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Customary International Law and the Question of Legitimacy

Responding to Curtis A. Bradley, Jack L. Goldsmith & David H. Moore, Sosa, Customary International Law, and the Continuing Relevance of Erie, 120 Harv. L. Rev. 869 (2007)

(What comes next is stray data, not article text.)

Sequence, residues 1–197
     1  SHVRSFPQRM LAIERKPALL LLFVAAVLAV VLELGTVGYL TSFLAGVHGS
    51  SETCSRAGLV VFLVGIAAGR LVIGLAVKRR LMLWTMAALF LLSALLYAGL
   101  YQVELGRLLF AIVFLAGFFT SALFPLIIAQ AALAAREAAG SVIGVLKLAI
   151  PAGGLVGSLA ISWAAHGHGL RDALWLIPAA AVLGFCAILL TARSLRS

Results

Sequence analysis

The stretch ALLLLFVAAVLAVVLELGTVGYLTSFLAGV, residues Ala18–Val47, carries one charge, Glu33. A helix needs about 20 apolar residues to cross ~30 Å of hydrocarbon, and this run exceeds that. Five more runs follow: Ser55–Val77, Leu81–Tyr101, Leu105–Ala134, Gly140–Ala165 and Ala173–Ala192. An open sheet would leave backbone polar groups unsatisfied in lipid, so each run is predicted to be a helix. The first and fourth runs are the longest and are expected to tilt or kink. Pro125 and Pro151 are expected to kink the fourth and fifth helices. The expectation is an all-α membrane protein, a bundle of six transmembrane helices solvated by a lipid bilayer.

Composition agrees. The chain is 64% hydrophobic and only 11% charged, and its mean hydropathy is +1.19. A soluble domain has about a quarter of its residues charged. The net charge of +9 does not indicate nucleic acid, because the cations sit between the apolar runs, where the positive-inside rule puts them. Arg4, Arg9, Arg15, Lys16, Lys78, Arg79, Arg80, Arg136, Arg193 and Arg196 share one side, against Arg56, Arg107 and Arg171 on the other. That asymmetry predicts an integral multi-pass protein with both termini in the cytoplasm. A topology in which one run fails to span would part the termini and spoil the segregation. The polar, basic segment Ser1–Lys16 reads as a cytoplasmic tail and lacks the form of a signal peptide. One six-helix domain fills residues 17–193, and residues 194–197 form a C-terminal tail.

In 1997, Professors Curtis Bradley and Jack Goldsmith shook the international law academy by arguing that the Supreme Court’s decision in Erie Railroad Co. v. Tompkins made it illegitimate for federal courts to continue to apply customary international law (which they called CIL) without further authorization from Congress. The Supreme Court’s 2004 decision in Sosa v. Alvarez-Machain seemed to reject this argument, holding that federal courts could apply customary international law under the Alien Tort Statute (ATS) without any authorization beyond the jurisdictional grant. Undaunted, Professors Bradley and Goldsmith (joined now by Professor David Moore) have returned to claim that Sosa in fact supports their argument and that “courts can domesticate CIL only in accordance with the requirements and limitations of post-Erie federal common law.” In my view, their latest article not only misinterprets Sosa but also raises fundamental questions concerning both the legitimacy of customary international law itself and the legitimacy of requiring its express incorporation into the U.S. legal system, a requirement that is contrary to the understanding of the founding generation.